Here’s an excerpt from Spenser St. John’s “Hayti, or the Black Republic”:
“The vexed question as to the position held by the negroes in the great scheme of nature was continually brought before us whilst I lived in Hayti, and I could not but regret to find that the greater my experience the less I thought of the capacity of the negro to hold an independent position.
As long as he is influenced by contact with the white man, as in the southern portion of the United States, he gets on very well. But place him free from all such influence, as in Hayti, and he shows no sign of improvement; on the contrary, he is gradually retrograding to the African tribal customs, and without exterior pressure will fall into the state of the inhabitants on the Congo.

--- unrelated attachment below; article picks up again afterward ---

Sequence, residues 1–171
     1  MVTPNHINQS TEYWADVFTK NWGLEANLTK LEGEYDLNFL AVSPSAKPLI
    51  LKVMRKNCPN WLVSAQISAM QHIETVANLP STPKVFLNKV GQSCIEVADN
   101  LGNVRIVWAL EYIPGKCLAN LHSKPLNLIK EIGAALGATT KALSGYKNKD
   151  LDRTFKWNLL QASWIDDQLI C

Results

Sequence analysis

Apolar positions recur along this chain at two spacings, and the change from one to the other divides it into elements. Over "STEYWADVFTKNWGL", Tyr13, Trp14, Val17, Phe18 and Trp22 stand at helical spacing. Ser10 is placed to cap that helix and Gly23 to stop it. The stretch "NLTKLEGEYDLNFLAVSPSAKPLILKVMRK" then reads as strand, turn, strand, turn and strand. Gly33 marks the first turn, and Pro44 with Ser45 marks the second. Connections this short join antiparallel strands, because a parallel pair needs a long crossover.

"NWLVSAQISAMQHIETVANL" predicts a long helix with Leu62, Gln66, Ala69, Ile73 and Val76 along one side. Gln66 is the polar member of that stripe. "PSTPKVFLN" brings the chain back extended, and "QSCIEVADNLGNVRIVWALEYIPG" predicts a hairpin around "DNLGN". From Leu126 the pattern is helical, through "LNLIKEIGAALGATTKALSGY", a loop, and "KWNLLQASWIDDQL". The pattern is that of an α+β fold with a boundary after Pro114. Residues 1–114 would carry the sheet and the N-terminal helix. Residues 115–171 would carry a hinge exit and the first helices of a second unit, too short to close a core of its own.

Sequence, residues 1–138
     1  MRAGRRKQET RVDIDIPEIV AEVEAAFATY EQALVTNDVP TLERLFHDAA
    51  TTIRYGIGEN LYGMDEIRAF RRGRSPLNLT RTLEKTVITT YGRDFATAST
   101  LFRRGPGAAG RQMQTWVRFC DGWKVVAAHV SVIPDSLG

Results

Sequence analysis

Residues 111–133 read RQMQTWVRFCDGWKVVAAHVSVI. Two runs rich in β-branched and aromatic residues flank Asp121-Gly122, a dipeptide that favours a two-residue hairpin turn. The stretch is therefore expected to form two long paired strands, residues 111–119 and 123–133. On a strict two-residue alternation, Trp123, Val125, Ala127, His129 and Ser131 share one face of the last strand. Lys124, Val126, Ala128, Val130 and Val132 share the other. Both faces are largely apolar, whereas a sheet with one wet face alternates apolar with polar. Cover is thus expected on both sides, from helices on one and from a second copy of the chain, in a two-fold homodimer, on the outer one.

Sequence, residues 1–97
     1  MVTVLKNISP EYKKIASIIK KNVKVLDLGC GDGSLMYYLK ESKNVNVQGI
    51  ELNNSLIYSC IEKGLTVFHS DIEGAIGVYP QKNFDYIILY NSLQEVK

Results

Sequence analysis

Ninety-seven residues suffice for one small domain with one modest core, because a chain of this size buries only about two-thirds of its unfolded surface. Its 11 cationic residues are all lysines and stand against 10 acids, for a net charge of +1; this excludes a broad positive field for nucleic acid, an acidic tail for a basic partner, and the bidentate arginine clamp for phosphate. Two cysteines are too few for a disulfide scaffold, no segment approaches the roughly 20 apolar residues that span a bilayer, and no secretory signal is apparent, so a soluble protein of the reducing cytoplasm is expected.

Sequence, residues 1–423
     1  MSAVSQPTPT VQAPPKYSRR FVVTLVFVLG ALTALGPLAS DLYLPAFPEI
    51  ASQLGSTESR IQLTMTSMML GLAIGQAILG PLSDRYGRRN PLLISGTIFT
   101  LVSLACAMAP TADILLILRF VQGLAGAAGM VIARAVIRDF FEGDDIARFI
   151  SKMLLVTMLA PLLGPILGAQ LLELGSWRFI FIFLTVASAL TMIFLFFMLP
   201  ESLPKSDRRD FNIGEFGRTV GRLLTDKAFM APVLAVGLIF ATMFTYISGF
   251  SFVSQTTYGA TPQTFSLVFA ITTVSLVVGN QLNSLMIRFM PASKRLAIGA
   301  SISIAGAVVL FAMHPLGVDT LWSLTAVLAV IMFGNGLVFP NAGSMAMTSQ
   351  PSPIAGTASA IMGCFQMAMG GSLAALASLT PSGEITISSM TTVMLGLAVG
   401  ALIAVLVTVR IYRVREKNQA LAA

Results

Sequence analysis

If this were only my own opinion, I should hesitate to express it so positively, but I found no dissident voice among experienced residents since I first went to Hayti in January 1863.
I now agree with those who deny the negro could ever originate a civilisation, and that with the best of educations he remains an inferior type of man. He has as yet shown himself totally unfitted for self-government, and incapable as a people to make any progress whatsoever. To judge the negroes fairly, one must live a considerable time in their midst, and not be led away by the theory that all races are capable of equal advance in civilisation. …”